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May 2018 AAS Member News & Notes

Congratulations to the AAS Members awarded fellowships by the American Council of Learned Societies: Thomas Donald Conlan (Princeton University), Karl Gerth (University of California, San Diego), Tze-Lan Deborah Sang (Michigan State University), Nicolas Tackett (University of California, Berkeley), Stacey Van Vleet (University of California, Berkeley), and Judd Kinzley (University of Wisconsin-Madison). *** AAS Member John Osburg (University of Rochester) has been named an Andrew Carnegie Fellow by Carnegie Corporation of New York. As a fellow in the 31-member Class of 2018, Osburg will receive funding to pursue his research on “Spiritual Crisis and Moral Transformation in Contemporary China.” *** AAS Member Van C. Gessel (Brigham Young University) has been awarded a decoration from the Japanese government for Spring 2018, “The Order of the Rising Sun, Gold Rays with Neck Ribbon” (旭日中綬章 Kyokujitsu Chūju-shō). The citation honors Gessel for contributing to “developi ...

#AsiaNow Speaks with the Translators of Zuo Tradition/Zuozhuan

Stephen Durrant, Wai-yee Li, and David Schaberg are translators of Zuo Tradition/Zuozhuan: Commentary on the “Spring and Autumn Annals,” published by the University of Washington Press and winner of the 2018 AAS Patrick D. Hanan Book Prize for Translation. Stephen Durrant is Professor of Chinese and Vice Provost for International Affairs at the University of Oregon; Wai-yee Li is Professor of Chinese Literature at Harvard University; and David Schaberg is Dean of Humanities and Professor of Asian Languages & Cultures at UCLA. To begin with, please tell us what your book is about. This is an annotated translation of Zuozhuan (ca. 4th century BCE), a chronologically arranged text that tells of events spanning 255 years (722-468 BCE). Zuozhuan, the largest text to come to us from pre-imperial China, is a foundational text in the Chinese historical and literary tradition. Our translation includes a long introduction, extensive notes, and exegetical comments that explain how each passage s ...

Excerpt: The Philippines — From Earliest Times to the Present

Key Issues in Asian Studies (KIAS) is an AAS book series of short, classroom-ready texts intended for high-school and undergraduate readers. Today, we are pleased to bring you an excerpt from the latest KIAS title, The Philippines: From Earliest Times to the Present, written by historian Damon L. Woods. In this brief volume, Woods provides readers with an overview of Philippine history, culture, and politics. Starting in the year 900CE, Woods traces the archipelago’s past, exploring the regional ties that connected its inhabitants with others in the Pacific Ocean long before the arrival of European ships in the 16th century. Woods then devotes chapters to the years of Spanish, American, and Japanese rule, followed by an in-depth discussion of political and social developments in the decades following Philippine independence in 1946. As Woods notes in the excerpt below, “This book is a story of the Philippines that depicts Filipinos as active participants in their own history rather than passive ac ...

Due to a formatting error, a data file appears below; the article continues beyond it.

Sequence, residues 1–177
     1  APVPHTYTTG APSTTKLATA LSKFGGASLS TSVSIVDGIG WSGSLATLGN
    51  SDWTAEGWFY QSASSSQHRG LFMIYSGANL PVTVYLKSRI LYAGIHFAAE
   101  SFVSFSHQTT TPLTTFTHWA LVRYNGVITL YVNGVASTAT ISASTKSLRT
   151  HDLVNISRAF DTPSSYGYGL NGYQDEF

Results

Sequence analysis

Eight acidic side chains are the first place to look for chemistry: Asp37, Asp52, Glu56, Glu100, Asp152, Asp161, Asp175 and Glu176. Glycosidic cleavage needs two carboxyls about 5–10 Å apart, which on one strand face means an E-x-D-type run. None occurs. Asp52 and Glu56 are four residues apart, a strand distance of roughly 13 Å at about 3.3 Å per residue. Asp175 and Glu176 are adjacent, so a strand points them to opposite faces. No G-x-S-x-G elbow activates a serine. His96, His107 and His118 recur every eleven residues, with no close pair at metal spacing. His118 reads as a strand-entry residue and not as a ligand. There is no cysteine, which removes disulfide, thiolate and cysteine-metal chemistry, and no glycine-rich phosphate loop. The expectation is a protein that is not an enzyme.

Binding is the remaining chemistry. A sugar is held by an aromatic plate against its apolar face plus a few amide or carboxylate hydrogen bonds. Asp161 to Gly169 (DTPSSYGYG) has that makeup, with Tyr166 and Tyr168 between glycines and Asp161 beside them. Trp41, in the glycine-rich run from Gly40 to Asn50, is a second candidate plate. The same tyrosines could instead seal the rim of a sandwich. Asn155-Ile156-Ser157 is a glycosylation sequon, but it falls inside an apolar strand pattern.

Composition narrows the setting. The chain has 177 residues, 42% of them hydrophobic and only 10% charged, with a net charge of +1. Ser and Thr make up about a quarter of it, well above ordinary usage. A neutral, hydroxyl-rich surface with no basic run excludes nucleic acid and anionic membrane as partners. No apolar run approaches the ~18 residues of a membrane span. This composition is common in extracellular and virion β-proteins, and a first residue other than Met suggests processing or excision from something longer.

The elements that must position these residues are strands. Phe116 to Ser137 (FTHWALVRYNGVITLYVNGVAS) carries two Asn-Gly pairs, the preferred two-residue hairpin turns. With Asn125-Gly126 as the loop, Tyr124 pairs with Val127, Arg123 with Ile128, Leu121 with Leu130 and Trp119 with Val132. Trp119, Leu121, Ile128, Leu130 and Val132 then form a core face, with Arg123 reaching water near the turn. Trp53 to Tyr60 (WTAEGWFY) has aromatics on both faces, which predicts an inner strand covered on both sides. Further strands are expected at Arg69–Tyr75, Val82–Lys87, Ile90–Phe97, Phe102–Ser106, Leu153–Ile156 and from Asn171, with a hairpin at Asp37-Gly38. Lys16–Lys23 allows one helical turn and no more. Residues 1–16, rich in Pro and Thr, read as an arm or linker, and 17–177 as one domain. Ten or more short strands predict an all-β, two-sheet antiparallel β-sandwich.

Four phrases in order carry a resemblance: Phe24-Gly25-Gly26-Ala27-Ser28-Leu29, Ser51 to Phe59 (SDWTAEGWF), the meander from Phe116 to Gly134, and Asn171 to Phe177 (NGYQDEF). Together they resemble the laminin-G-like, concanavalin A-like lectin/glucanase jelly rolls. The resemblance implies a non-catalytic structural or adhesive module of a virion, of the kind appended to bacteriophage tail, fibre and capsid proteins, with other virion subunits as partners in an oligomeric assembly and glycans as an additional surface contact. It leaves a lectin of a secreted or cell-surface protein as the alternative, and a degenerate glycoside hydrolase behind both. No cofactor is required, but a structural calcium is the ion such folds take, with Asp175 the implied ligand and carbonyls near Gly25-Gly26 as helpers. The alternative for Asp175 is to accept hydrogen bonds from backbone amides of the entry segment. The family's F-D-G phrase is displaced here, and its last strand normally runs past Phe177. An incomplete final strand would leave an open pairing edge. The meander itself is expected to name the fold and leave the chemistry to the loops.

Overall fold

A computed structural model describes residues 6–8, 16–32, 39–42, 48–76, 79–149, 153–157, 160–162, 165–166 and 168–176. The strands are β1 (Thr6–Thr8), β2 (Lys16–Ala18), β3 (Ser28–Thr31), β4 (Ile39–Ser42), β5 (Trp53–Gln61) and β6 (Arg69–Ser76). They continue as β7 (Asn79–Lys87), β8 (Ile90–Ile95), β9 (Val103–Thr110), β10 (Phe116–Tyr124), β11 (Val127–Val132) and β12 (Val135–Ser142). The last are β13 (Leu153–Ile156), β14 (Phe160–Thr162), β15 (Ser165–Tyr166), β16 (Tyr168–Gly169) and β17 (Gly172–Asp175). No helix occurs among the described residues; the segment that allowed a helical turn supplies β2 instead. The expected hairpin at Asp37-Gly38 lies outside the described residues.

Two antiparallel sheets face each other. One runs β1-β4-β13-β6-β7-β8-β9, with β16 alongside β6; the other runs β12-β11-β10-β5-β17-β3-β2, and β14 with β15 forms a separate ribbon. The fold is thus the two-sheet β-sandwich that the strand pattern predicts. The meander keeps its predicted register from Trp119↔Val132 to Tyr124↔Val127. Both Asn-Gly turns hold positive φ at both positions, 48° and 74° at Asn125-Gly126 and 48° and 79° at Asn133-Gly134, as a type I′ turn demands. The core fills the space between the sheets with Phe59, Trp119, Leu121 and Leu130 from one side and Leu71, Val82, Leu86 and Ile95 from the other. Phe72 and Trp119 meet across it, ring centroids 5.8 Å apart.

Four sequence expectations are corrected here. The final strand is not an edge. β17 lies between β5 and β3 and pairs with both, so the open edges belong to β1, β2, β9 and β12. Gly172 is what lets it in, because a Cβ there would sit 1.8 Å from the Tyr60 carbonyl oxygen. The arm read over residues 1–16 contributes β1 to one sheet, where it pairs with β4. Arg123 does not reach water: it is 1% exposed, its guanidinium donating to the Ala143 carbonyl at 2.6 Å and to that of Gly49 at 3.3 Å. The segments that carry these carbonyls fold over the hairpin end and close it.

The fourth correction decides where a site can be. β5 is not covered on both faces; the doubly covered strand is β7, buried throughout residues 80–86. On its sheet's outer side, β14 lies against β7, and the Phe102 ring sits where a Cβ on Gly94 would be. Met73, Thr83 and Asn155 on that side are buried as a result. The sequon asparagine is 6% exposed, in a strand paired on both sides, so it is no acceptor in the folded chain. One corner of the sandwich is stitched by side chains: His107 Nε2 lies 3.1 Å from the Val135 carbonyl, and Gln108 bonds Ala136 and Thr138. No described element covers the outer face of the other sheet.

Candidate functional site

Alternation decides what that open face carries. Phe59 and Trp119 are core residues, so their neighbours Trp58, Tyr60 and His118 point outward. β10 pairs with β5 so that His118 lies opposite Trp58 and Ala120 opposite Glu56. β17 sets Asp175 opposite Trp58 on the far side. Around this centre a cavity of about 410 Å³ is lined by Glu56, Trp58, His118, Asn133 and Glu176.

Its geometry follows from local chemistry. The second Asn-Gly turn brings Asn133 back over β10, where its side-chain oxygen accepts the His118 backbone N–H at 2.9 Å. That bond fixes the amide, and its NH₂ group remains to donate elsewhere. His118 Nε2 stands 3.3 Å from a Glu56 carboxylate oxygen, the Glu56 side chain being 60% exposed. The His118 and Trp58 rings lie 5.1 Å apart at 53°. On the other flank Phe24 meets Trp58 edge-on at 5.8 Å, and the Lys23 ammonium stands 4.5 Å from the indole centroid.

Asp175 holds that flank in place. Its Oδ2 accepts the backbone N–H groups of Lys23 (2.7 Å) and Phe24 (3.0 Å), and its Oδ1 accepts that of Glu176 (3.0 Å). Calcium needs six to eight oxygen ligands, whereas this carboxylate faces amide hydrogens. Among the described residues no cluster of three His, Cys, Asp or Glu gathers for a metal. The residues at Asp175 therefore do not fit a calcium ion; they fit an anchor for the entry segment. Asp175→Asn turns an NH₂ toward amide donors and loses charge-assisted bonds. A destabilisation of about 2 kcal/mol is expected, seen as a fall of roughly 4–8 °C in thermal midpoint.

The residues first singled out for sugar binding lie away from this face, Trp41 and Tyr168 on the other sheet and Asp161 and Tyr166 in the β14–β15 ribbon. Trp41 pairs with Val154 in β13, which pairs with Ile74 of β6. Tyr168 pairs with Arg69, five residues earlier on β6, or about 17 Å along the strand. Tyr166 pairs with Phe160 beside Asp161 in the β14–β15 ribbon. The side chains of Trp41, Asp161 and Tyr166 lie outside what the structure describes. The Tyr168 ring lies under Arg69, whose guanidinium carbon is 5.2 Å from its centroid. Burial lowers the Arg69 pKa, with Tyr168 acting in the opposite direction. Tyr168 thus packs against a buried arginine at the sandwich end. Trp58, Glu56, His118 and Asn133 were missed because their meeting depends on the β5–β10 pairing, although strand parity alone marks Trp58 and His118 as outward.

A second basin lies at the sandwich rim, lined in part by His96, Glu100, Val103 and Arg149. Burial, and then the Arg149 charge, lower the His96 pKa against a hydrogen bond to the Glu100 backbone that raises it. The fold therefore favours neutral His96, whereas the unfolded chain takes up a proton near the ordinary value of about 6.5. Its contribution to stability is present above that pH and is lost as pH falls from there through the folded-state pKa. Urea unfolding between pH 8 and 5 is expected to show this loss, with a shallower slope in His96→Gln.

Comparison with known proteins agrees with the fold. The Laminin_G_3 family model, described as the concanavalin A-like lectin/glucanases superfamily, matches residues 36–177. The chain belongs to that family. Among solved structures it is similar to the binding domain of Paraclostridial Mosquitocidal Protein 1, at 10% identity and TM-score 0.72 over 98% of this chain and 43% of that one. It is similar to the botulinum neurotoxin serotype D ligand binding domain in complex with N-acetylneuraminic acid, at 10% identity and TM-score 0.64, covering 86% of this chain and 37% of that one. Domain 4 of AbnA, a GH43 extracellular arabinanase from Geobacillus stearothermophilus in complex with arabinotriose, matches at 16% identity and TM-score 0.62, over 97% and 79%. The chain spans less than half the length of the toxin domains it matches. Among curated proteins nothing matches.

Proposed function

#AsiaNow Speaks with Yoshikuni Igarashi

Yoshikuni Igarashi is Professor of History at Vanderbilt University and author of Homecomings: The Belated Return of Japan’s Lost Soldiers, published by Columbia University Press and winner of the honorable mention for the 2018 AAS John Whitney Hall Book Prize. To begin with, please tell us what your book is about. Homecomings focuses on the former soldiers who belatedly returned to postwar Japan after the end of the Asia Pacific War. It pays particular attention to Japanese POWs detained in Siberian labor camps and soldiers who survived in the jungles of the South Pacific for more than a quarter century. Their returns at various points in postwar history, beginning in the late 1940s and continuing into the 1970s, caused tension between the returnees, who brought home memories of traumatic loss, and Japanese society, which had been separated from the war for a number of years. The book examines the returnees’ struggle to articulate their experiences as well as the ways in which their voices thr ...

April 2018 AAS Member News & Notes

Congratulations to the AAS Members recently awarded fellowships by the John Simon Guggenheim Memorial Foundation: Nile Green (University of California, Los Angeles), Martin Kern (Princeton University), Thomas S. Mullaney (Stanford University), Christian Lee Novetzke (University of Washington), Nicolas Tackett (University of California, Berkeley), and Archana Venkatesan (University of California, Davis). *** AAS Members Maggie Clinton (Middlebury College) and Mitra Sharafi (University of Wisconsin-Madison) have received grants from the National Endowment for the Humanities to support their research. Clinton’s project is entitled “Power and Petroleum in China and the Western Pacific, 1870-Present,” while Sharafi is investigating “Fear of the False: Forensic Science in Colonial India, 1856-1947.” *** Congratulations are extended to AAS Members Erik Harms (Yale University) and Thomas S. Mullaney (Stanford University), who received New Directions Fellowships from the Andrew W. Mel ...

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